Through the United Nations, all the world’s countries and leading development institutions agreed on eight Millennium Development Goals (MDGs). These goals, established in 2000, are to be reached by 2015. The seventh goal is to ensure environmental sustainability. As this is an ambitious and complex goal, it was divided into four categories. The third category is to halve the proportion of the population without sustainable access to safe drinking water and basic sanitation; in other words, make water more accessible for everyone. The good news is that this goal has been reached five years early!
This means that two billion people gained access to improved drinking sources and over 240,000 people a day gained access to improved sanitation facilities from 1990 to 2011. Incredible work. However, the story does not end here. What about the 2.5 billion people who still lack access to improved sanitation facilities, and the 768 million people who continue to lack access to an improved source of drinking water?
Water is important–it is the source of life–therefore, it was made into one of the MDGs. Moreover, 70 percent of water is used in agriculture. This demonstrates reliance on water to produce the food needed for survival. We depend on water just as much as the millions in Africa who depend on it, but who do not have it.
Over 40 percent of all people without improved drinking water live in sub-Saharan Africa. To continue addressing this vital need the U.S. Agency for International Development (USAID) has three major partnerships and strategies in the works.
First, through the USAID’s The Grand Challenges for Development initiative, USAID is partnering with Sweden to address the goal of Securing Water for Food. This program has three main areas of focus: water reuse and efficiency, water capture and storage, and salinity. The program focuses on engaging science and technology innovators, entrepreneurs, businesses, and academics to find innovative methods to gain better water efficiency and sustainable development.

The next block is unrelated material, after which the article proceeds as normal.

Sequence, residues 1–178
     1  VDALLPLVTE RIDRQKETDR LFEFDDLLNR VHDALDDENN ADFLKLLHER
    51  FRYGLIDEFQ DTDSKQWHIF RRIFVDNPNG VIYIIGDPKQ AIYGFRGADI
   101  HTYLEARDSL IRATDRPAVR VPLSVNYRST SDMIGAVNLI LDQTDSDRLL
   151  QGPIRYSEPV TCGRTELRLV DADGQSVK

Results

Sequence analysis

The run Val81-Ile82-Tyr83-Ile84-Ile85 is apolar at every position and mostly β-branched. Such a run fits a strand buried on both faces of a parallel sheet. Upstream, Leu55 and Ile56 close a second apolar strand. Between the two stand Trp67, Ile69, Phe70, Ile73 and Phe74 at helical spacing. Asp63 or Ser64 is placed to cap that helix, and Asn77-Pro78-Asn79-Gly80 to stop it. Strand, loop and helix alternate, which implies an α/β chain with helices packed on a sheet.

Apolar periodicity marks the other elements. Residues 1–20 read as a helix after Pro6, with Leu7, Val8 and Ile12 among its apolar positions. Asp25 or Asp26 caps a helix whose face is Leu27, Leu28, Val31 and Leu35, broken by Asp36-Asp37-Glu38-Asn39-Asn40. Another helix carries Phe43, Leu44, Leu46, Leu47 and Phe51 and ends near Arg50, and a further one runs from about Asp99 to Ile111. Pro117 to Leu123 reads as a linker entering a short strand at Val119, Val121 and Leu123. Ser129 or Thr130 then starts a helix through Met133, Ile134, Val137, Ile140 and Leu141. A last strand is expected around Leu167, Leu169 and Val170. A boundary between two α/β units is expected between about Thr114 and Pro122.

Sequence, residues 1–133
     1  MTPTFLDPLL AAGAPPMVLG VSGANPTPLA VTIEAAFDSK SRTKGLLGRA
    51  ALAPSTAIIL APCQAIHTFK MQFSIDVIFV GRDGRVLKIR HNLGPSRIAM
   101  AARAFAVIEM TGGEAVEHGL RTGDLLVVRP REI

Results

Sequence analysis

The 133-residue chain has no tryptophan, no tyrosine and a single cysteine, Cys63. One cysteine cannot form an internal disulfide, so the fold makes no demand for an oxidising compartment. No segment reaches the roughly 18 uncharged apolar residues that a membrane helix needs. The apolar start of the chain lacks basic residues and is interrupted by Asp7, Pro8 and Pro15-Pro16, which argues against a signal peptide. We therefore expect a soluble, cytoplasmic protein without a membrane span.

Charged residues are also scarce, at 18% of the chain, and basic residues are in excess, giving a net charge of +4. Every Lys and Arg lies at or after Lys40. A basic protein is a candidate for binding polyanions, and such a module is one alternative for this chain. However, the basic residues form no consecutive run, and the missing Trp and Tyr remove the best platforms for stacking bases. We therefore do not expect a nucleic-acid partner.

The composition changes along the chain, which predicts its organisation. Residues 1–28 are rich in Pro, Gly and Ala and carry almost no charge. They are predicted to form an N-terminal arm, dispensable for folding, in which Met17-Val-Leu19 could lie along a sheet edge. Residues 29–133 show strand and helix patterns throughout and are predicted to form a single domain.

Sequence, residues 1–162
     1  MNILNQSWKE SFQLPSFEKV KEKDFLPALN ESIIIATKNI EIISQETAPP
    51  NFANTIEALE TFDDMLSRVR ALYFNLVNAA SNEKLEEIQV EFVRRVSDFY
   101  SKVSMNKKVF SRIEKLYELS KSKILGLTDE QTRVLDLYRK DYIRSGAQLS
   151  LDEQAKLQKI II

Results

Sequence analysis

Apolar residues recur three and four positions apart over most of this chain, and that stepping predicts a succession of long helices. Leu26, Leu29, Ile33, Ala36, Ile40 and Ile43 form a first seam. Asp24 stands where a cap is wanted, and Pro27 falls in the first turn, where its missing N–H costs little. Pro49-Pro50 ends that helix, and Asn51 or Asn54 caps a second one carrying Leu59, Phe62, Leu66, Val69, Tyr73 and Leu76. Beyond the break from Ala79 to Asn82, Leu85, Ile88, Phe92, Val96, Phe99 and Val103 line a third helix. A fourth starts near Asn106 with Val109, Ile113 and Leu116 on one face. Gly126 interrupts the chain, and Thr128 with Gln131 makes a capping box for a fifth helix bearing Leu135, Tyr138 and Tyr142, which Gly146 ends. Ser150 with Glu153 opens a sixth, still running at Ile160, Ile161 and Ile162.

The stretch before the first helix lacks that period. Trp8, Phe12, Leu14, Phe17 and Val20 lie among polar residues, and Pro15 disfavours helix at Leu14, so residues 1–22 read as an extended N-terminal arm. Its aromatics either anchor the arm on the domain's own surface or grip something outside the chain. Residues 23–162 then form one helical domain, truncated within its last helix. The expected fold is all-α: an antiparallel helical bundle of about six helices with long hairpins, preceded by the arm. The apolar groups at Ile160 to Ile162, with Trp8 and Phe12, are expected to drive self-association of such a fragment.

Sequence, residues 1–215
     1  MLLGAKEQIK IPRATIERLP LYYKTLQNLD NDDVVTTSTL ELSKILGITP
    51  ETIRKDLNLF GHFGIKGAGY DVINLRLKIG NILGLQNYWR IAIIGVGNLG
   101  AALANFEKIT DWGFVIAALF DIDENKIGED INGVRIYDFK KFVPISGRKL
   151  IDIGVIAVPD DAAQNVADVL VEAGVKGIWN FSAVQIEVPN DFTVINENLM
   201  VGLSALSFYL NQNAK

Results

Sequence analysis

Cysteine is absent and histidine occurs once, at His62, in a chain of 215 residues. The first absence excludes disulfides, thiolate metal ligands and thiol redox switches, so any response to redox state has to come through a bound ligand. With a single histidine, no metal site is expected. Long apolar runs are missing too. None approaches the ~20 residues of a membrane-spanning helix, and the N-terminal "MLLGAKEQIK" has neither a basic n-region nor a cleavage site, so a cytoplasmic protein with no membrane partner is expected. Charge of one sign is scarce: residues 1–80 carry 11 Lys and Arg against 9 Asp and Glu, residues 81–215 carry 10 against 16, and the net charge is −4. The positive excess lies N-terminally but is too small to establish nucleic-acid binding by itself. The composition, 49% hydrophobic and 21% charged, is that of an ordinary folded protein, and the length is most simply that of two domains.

Second, led by the USAID, Feed the Future is partnering with several universities to gather scientific expertise and innovative ideas through innovation labs. Feed the Future is the U.S. Government’s global hunger and food security initiative. This program is currently partnering with Kansas State University, Tufts University, and Oregon State University. Their collaborative research focuses on areas such as adaptive livestock systems to climate change, enhancing production of nutritious peas and gardening crops, creating more profitable market solutions for farmers in dryland areas of Africa, and demonstrating the impact of water and sanitation on nutritional security. The program is also establishing a consortium of institutions to focus on developing evidence-based research needed to inform effective policies at national, regional and global levels.
Third, the USAID has announced an expansion of services through their Water and Development Alliance (WADA) program. WADA is a partnership between the USAID and the Coca-Cola Company. WADA addresses water needs in developing countries, and the new expansion will provide more than 190,000 people with improved clean water and/or improved sanitation services by the end of 2015. WADA will support the development of infrastructure for clean water, which will benefit at least 65,000 people in Nigeria. WADA will also install sanitation facilities in schools and provide hygiene education, which will benefit 50,000 school children in Zambia. Lastly, WADA will provide clean water kiosks, benefiting more than 35,000 people in Ghana.
Through these various partnerships, the USAID continues to find innovative ways to ensure all people have sustainable access to life giving water.
– Caressa Kruth